By Jack Humphreville
Our new neighbor, Mayor Eric Garcetti, has had a relatively uneventful 150 days in office other than a successful dust up with union boss Brian d’Arcy over the International Brotherhood of Electrical Worker’s labor contract with our Dept. of Water and Power.
But there are storm clouds on the horizon that will adversely impact the city’s finances and our wallets.
Despite record revenues, Garcetti must eliminate next year’s projected $250 million budget deficit that is the result of ever-increasing salaries, benefits and pension contributions. At the same time, the city will commence negotiations with its unions, whose labor agreements expire on June 30. These campaign-funding unions that already have the City Council’s ear are expected to ask for significant raises for their already well-compensated members and resist any calls for employees to contribute to their Cadillac healthcare plans.
In January, DWP will be asking for increases in our water and power rates that far exceed the rate of inflation. These rate increases will fund the repair and maintenance of the Department’s neglected infrastructure and numerous environmental regulations, including meeting the state’s 2020 mandate that requires that 33 percent of our energy be from renewable resources.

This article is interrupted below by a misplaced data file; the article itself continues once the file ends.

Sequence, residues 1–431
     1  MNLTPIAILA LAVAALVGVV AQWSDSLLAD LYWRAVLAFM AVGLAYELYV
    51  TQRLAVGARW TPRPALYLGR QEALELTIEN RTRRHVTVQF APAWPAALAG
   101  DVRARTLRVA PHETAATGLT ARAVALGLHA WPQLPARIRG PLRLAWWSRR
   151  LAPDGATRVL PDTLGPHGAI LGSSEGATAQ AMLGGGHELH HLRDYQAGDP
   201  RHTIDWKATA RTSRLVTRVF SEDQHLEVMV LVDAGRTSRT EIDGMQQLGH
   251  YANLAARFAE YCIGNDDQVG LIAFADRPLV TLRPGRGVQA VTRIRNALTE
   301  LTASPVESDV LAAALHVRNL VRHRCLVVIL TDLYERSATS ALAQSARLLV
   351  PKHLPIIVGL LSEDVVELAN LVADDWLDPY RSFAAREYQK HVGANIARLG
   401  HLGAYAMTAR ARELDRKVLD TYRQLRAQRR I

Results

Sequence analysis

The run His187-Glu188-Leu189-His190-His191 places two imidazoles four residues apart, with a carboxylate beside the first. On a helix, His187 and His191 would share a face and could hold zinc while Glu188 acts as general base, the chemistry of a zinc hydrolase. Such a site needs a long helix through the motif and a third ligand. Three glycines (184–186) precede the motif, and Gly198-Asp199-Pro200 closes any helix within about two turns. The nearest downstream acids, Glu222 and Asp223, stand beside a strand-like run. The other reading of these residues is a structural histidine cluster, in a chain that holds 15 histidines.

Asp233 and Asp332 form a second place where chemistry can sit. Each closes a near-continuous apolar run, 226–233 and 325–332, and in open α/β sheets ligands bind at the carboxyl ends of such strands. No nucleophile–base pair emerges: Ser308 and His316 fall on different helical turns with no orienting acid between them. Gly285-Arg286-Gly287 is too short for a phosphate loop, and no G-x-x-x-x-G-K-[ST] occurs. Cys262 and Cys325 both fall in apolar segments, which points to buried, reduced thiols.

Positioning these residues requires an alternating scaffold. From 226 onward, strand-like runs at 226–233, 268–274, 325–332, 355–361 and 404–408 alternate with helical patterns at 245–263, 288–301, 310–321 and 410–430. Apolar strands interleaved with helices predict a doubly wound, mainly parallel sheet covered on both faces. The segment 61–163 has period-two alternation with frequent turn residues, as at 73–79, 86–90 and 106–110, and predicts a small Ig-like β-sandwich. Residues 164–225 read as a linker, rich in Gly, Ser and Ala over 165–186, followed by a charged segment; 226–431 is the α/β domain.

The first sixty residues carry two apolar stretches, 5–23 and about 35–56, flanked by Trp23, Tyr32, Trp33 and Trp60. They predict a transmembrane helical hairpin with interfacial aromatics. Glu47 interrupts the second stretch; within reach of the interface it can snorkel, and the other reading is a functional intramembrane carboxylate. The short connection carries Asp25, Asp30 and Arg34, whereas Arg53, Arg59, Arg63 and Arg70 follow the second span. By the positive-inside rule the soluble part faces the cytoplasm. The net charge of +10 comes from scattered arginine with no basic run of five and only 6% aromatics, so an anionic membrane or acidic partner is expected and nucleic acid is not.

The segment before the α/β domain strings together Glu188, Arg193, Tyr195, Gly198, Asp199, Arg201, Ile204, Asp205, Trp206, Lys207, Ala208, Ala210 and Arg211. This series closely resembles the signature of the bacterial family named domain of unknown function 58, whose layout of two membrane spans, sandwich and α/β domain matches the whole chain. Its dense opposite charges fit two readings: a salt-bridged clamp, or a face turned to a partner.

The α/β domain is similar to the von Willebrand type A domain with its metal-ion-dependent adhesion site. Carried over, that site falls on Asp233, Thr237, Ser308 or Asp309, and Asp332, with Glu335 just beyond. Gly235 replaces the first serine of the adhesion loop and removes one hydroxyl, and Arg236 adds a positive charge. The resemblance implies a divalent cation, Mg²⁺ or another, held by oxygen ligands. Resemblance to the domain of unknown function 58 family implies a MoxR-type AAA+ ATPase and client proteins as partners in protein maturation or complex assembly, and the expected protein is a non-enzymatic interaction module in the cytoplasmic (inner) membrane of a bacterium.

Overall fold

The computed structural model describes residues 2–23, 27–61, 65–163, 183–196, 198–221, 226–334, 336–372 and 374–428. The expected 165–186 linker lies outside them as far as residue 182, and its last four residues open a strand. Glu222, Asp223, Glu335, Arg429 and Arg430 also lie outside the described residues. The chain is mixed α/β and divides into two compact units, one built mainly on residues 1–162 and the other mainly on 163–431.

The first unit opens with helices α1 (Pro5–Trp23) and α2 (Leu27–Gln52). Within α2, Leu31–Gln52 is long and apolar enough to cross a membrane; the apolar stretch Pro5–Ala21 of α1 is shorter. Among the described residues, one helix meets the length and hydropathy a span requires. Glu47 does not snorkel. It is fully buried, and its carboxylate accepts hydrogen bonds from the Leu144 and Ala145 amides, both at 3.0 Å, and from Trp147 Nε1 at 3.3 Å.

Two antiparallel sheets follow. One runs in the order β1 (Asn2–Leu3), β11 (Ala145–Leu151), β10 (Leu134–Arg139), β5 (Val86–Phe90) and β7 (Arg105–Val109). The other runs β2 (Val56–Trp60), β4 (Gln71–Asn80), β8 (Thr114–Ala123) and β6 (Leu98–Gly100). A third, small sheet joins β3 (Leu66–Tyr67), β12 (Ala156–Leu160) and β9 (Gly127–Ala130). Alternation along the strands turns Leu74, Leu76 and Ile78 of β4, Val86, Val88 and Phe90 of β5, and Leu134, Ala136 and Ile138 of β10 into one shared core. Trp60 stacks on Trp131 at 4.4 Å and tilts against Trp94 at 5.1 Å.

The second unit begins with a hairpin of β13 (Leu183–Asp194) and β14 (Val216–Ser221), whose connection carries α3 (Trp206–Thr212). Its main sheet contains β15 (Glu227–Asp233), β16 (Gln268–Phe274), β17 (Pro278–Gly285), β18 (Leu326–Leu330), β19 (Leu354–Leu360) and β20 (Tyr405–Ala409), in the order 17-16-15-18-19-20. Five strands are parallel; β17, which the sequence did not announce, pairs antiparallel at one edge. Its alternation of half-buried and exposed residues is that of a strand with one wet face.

But these rate increases will also fund very expensive projects that are being dumped on DWP by City Hall. They involve the Los Angeles River, the city’s Stormwater/Urban Runoff program, and a multi-billion solar plan that is not dissimilar to Measure B, the 2009 measure that was rejected by the voters.
Quite frankly, this is not a very nice way for Garcetti to treat the ratepayers who swung the election his way because of his promise to reform DWP.
The city is also considering a controversial $4.5 billion Street Repair Tax that will increase our property taxes by up to six percent ($250 million), but without a charter amendment that mandates that the city live within its means.
Garcetti also has the opportunity to be a bold leader by endorsing the Pension Reform Act of 2014 (ReformPensions2014.com), the ballot measure proposed by San Jose’s Democratic Mayor Chuck Reed. While this reform is opposed by the self-serving union leadership, the city’s projected pension contributions of $1.2 billion are expected to gobble up almost a quarter of the city’s budget.
With a $250 million budget deficit, contentious labor negotiations, unpopular DWP rate increases, massive new taxes, and controversial pension reform, the honeymoon is about to end.
Jack Humphreville is on the board of the Greater Wilshire Neighborhood Council, chair of the DWP Advocacy Committee and a budget advocate.